Jawad Iqbal Jawad Iqbal

Are civil servants taking their revenge?

Credit: Getty images

Jonathan Slater, a former top mandarin at the Department for Education (DfE), has laid the blame for the school building safety crisis fairly and squarely at the door of the Prime Minister. It is an extraordinary public intervention by a former senior civil servant in an ongoing political controversy: former mandarins of Slater’s rank are normally reluctant to speak out directly on political matters, or to openly criticise ministers they worked for.

That, at any rate, used to be the rule, but perhaps no longer. This raises huge questions about the impartiality of the civil service and the day-to-day workings of government. 

Slater’s revelations will blow yet another hole in the idea that the civil service is impartial

Slater, the former permanent secretary to the DfE, claims that he presented the Treasury with evidence of a ‘critical risk to life’ from crumbling schools, but Sunak, who was chancellor at the time, refused to properly fund the rebuilding work. According to Slater, between 300-400 schools a year needed to be rebuilt, but the government opted for a 100 a year, which Sunak then halved to just 50. 

The Prime Minister was quick to dismiss the claims as ‘completely and utterly wrong’ but the accusations have left him on the back foot. Labour was eager to capitalise on the former mandarin’s intervention, closing ranks to blame Sunak for the crisis. 

Labour’s understandable opportunism highlights exactly why civil servants wading into ongoing political rows is so dangerous. Slater is now the Labour party’s new best friend because he has, whatever his actual intentions, helped do the job of His Majesty’s Opposition. After all, voters are more likely to sit up and listen when a supposedly impartial civil servant speaks up rather than some pesky opposition politician.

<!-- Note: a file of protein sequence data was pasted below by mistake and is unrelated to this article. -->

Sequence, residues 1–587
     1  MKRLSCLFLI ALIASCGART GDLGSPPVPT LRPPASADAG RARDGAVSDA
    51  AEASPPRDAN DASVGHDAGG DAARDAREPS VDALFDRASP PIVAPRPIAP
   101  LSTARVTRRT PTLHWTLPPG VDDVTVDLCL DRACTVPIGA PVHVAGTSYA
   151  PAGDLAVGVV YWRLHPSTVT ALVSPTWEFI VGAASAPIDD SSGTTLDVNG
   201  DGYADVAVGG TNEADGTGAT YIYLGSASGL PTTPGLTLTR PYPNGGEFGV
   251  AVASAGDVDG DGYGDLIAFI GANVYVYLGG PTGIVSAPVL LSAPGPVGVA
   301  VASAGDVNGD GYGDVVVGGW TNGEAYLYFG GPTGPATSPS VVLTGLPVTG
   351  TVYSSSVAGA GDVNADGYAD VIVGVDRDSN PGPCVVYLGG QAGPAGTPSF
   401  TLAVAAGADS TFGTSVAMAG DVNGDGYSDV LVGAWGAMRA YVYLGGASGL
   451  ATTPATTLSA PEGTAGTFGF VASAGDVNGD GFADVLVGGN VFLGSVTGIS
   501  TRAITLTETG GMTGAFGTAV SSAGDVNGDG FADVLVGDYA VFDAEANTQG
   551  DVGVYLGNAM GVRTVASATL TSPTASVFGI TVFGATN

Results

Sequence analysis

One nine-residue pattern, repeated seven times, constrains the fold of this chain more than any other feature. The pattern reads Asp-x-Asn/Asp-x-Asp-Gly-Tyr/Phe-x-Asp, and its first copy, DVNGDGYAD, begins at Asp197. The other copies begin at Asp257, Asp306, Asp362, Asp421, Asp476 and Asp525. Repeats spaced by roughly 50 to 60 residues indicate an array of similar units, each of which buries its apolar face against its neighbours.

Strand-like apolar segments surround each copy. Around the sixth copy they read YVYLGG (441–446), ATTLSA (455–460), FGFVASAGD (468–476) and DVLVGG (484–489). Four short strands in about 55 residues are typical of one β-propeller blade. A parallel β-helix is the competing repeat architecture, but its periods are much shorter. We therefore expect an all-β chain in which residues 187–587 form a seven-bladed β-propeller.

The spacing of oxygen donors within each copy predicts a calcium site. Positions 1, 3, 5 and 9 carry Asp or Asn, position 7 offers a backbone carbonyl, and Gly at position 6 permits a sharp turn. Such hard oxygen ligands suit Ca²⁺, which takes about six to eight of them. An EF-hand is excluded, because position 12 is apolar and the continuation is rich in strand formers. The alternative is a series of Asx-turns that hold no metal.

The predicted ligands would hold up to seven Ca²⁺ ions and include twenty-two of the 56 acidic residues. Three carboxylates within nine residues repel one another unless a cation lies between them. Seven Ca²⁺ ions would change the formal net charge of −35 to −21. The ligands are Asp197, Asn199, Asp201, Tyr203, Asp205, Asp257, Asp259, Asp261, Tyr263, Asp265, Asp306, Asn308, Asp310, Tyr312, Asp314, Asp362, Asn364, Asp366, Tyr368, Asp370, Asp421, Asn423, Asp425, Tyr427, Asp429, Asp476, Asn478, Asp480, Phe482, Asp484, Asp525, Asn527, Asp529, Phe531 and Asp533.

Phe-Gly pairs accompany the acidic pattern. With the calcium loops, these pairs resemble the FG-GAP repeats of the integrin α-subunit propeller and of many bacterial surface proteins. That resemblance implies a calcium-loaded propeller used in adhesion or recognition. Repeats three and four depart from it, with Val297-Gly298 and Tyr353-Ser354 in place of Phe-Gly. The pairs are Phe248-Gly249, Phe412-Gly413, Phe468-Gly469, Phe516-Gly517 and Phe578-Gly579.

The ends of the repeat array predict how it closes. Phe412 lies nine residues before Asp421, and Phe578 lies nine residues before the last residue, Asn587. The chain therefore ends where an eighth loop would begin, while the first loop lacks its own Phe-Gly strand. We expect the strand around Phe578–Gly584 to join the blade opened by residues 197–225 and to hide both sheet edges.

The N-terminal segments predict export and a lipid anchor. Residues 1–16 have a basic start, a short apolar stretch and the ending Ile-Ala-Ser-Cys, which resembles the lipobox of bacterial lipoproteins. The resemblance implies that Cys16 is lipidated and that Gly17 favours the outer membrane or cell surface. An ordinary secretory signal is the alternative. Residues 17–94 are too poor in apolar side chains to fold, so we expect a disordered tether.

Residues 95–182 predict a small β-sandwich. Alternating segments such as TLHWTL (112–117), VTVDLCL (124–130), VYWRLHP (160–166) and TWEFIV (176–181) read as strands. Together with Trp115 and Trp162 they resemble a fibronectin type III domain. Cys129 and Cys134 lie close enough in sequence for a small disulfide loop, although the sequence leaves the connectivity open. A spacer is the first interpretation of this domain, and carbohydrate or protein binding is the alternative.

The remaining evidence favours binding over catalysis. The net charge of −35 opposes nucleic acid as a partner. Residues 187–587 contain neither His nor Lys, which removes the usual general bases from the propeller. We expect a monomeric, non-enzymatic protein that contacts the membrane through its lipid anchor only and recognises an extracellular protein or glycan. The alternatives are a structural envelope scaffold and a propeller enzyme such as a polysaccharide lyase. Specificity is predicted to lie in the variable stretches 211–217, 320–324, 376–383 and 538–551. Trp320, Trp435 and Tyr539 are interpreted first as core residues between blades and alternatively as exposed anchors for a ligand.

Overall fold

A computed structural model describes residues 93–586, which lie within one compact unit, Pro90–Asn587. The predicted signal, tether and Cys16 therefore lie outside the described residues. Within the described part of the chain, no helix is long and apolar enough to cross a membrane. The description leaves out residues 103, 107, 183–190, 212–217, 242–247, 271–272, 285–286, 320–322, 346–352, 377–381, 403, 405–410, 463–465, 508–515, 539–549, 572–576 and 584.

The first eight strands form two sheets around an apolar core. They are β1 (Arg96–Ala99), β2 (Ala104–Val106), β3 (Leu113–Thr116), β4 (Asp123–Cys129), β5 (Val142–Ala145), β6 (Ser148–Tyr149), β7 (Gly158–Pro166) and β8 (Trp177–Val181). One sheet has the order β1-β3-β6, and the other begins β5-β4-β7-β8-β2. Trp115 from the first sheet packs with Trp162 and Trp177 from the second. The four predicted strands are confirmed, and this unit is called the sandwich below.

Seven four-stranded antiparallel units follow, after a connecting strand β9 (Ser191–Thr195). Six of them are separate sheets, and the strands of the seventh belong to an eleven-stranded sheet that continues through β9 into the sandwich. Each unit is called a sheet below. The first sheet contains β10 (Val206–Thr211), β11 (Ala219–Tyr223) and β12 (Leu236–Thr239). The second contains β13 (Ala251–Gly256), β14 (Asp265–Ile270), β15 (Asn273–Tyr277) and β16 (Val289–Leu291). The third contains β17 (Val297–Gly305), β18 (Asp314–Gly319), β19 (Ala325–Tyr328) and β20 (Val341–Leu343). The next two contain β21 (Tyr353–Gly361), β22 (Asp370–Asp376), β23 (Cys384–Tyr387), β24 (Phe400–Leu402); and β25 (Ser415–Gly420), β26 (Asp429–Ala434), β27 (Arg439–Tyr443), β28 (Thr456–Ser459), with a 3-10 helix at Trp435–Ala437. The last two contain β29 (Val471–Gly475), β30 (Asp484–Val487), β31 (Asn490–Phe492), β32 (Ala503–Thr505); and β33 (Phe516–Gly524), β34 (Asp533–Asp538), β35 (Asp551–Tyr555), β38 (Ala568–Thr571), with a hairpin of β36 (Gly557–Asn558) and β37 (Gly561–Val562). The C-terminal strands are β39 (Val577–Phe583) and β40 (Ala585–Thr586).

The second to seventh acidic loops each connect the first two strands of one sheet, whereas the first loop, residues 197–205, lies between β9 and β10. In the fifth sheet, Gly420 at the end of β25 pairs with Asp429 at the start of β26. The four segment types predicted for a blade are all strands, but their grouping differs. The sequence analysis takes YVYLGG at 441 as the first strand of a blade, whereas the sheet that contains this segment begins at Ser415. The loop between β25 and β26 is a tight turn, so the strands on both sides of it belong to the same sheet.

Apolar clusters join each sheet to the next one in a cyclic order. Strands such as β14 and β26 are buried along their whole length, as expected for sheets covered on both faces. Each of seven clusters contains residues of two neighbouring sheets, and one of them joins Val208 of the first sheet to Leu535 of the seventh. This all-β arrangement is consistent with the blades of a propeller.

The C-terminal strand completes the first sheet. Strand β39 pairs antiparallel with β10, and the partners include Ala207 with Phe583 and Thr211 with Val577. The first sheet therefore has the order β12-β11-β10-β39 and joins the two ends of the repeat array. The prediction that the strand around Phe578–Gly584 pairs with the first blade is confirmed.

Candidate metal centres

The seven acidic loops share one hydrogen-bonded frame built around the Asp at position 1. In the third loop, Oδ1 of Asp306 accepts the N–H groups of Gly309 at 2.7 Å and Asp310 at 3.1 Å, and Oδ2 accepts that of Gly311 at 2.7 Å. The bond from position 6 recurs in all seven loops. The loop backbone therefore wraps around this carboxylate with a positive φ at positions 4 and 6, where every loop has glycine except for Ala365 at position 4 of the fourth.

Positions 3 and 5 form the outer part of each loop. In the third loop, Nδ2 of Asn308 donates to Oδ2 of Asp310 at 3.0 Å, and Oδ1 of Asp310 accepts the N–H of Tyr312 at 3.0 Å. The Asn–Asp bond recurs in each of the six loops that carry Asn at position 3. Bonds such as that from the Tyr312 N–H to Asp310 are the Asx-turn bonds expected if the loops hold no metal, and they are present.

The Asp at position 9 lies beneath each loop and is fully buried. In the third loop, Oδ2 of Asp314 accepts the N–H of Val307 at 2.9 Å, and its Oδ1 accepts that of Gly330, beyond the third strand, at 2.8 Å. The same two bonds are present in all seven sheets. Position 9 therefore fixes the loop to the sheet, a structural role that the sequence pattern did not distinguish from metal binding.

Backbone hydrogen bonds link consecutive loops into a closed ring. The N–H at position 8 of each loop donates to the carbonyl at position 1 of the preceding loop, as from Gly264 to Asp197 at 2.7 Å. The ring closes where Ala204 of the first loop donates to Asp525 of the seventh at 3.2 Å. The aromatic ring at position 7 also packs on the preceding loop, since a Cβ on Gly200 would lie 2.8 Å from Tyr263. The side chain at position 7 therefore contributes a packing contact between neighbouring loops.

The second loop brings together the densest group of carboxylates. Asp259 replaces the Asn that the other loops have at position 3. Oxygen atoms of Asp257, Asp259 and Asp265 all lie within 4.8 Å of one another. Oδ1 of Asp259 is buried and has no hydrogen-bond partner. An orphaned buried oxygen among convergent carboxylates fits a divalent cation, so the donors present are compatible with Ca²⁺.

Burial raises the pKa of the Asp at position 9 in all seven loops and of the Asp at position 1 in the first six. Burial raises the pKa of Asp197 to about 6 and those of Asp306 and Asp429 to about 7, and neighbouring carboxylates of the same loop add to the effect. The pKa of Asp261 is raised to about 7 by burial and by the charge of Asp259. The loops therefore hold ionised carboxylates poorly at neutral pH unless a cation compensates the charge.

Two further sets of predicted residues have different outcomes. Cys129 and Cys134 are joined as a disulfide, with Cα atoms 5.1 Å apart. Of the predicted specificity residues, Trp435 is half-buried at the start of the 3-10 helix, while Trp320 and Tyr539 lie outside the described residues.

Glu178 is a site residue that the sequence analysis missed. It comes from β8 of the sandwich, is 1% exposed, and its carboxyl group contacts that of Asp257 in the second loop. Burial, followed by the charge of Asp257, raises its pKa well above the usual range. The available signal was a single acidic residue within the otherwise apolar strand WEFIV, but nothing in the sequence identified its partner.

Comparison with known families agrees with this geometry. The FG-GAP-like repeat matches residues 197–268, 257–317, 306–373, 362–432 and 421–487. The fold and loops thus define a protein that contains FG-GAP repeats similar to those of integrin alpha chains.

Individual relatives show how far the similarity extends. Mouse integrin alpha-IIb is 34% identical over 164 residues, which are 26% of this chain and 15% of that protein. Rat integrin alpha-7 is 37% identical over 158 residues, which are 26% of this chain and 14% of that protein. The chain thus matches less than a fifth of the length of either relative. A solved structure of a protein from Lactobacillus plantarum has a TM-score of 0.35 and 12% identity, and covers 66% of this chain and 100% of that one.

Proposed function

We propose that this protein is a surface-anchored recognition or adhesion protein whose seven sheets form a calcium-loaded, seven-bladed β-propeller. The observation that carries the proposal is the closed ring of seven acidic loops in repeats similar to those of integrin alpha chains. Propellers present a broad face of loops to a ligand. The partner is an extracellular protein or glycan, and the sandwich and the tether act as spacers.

Is it really the duty of ex-mandarins to stick their oar into live political controversies as and when it suits them? Who is Slater to unilaterally decide when and if a topic or argument merits disclosure of information from his time in his previous day job? What other things does he know from his time in education or elsewhere in Whitehall that might benefit from a public airing, and why isn’t he sharing it? How is running a government possible if ministers feel every frank discussion or decision might be made public by their senior civil servants at some future point? 

Slater will no doubt tell himself that his intervention was unavoidable on this occasion because of his detailed knowledge of the issue.

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Written by
Jawad Iqbal

Jawad Iqbal is a broadcaster and ex-television news executive. Jawad is a former Visiting Senior Fellow in the Institute of Global Affairs at the LSE

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